Election update: Officials say turnout is high across the Miss-Lou
NATCHEZ — Voting is underway throughout the nation as voters go to the polls in the mid-term general election to cast ballots for U.S. Senate, U.S. House of Representatives and various other local government positions and measures.
In the Miss-Lou turnout is high, local election officials say.
“It’s busier than a cat scratching in a marble hall,” said Larry Gardner, Adams County election commissioner. “This is going to be one of the best voter turnouts ever.”
Adams County received 826 absentee ballots by the end of the day Monday and Gardner said the county received a lot of affidavit ballots as well.
The busy election day came with some difficulty early in the day.
Lynn Smith said she was upset when the wrong judge candidate appeared on her ballot at Crosspoint Church.
Smith said she wanted to cast her vote for Debra Blackwell, who is running unopposed for circuit court judge, District 6-2.
Instead, Smith said her ballot only offered the option of Lillie Blackmon Sanders, who is running unopposed for circuit court judge, District 6-1.
Smith said poll workers couldn’t answer why Blackwell was not on the ballot.
“Everyone just shrugged, so I went ahead and voted,” Smith said.
Theresa Davis, of Natchez, said she also noticed Sanders’ name on the ballot, and while she wasn’t upset about it, she said she is concerned about a fair race for all candidates.
“If something is being done that is not supposed to be, everything should be fixed and it should be fair,” Davis said.
Smith said she was concerned that it might be affecting the contested races.
“I take my voting rights very seriously, and to have a mix-up like this is really bad,” Smith said.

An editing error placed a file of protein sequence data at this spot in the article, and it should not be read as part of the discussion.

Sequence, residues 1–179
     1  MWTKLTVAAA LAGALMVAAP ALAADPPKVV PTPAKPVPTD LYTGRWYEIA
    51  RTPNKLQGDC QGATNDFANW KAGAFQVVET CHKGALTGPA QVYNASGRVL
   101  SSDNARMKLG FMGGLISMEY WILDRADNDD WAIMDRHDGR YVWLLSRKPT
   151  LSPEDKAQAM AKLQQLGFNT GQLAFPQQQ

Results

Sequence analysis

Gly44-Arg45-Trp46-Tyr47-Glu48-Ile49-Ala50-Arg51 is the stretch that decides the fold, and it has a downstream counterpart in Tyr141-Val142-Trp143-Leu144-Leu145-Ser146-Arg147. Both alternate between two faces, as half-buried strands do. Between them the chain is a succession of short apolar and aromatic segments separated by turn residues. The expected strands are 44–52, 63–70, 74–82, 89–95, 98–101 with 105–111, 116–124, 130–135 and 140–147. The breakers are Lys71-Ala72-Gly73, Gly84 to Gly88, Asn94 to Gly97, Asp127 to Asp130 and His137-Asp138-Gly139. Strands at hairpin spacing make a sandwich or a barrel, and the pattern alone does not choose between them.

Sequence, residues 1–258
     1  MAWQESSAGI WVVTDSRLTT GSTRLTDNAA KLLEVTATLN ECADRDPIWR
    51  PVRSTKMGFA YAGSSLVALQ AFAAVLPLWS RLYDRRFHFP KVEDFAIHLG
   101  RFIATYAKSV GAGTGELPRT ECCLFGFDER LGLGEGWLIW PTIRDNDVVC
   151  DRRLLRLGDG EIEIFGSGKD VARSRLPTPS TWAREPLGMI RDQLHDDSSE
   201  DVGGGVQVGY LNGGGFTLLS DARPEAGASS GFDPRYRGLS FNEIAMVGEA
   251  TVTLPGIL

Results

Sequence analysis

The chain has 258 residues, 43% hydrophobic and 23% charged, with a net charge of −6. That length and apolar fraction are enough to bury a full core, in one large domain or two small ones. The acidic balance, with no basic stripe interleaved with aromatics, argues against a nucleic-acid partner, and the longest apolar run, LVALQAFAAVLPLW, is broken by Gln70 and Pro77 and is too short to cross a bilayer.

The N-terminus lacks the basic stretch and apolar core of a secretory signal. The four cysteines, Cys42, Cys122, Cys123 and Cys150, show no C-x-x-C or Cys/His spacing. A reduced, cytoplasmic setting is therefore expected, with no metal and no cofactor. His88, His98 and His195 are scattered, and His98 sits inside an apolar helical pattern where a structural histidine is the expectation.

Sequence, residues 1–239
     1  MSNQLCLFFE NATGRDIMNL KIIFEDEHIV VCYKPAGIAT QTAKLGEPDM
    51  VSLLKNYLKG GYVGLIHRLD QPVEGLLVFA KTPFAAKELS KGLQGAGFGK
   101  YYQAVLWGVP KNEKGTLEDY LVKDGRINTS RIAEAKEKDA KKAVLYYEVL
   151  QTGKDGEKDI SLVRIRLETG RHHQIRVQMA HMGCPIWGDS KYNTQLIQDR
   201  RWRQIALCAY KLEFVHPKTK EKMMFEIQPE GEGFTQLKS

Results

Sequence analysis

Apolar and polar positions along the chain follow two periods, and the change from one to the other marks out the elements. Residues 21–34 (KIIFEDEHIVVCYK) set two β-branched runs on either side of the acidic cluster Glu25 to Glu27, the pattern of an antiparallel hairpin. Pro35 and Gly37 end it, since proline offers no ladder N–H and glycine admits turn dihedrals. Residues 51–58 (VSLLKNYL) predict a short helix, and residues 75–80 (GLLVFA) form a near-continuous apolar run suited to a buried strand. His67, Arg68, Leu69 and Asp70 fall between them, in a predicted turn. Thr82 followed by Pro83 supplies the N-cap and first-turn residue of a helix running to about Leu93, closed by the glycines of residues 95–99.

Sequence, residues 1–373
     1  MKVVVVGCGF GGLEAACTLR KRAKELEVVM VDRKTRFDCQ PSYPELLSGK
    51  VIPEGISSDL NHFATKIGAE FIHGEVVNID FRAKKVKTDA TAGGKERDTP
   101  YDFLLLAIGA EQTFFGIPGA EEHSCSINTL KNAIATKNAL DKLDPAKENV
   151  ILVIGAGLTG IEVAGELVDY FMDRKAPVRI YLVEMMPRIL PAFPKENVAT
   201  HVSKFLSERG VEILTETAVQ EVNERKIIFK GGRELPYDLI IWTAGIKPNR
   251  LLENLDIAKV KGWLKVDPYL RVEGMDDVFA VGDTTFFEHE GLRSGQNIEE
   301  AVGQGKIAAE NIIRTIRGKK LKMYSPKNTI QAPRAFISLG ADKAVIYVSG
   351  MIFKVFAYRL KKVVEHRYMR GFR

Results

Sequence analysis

Gardner said the problem occurred because two different ballot styles are included at four precincts in today’s general election because some precincts are split in some judicial districts on today’s ballots with some individuals voting there living in one judicial district and others living in another judicial district.
Someone was coding the ballots incorrectly, Gardner said, but the error only involved the unopposed candidates.
“Apparently this morning they were coding the wrong ballot style,” Gardner said. “They (the voters) didn’t tell us until after they cast their ballot, and we can’t let them vote again.”
At 2 p.m., Gardner said he believed the problem had been resolved.
“We’ve called them several times and we think we’ve solved the problem,” Gardner said.
Another problem occurred at Marilyn Heights where a fallen tree limb fell and men working on power lines were blocking cars from accessing the voting site, Gardner said. As of 3 p.m., the limb was removed and one lane was cleared for traffic.
Voting had been going smoothly as of noon Tuesday in Adams County, Gardner said, with only minor hiccups, such as one malfunctioning voting machine that had to be swapped out.
“Other than that, we’ve been really lucky,” Gardner said. “We’ve been getting a lot of people calling to find out where they vote since they haven’t voted in a while, which is normal.”
Poll worker Ornsby Young has been working polling places for 50 years, including 30 years in Natchez. As of 10 a.m. 106 people had voted at her polling place at Rose Hill Missionary Baptist Church.
“That’s a fair turnout,” Young said, adding no problems had been reported at Rose Hill as of 10 a.m.
As of 9:30 a.m., 120 voters had cast ballots at the Liberty Park precinct in the Adam’s County Safe Room.
Signs were posted in and outside the building to inform voters that former circuit court candidate Holmes Sturgeon, who died Oct. 10, would still appear on the ballot since ballots were printed before his death.
Across the Mississippi River in Concordia Parish, 210 voters had voted by 10:30 a.m. at the District 3-3 and 3-4 precincts in the Concordia Parish courthouse.
Polls remain open in Concordia Parish until 8 p.m. and in Adams County will be open until 7 p.m.
“Get out and vote,” Gardner said. “It is a beautiful day so you have no excuse.”
Images from Tuesday’s mid-term elections in the Miss-Lou. read more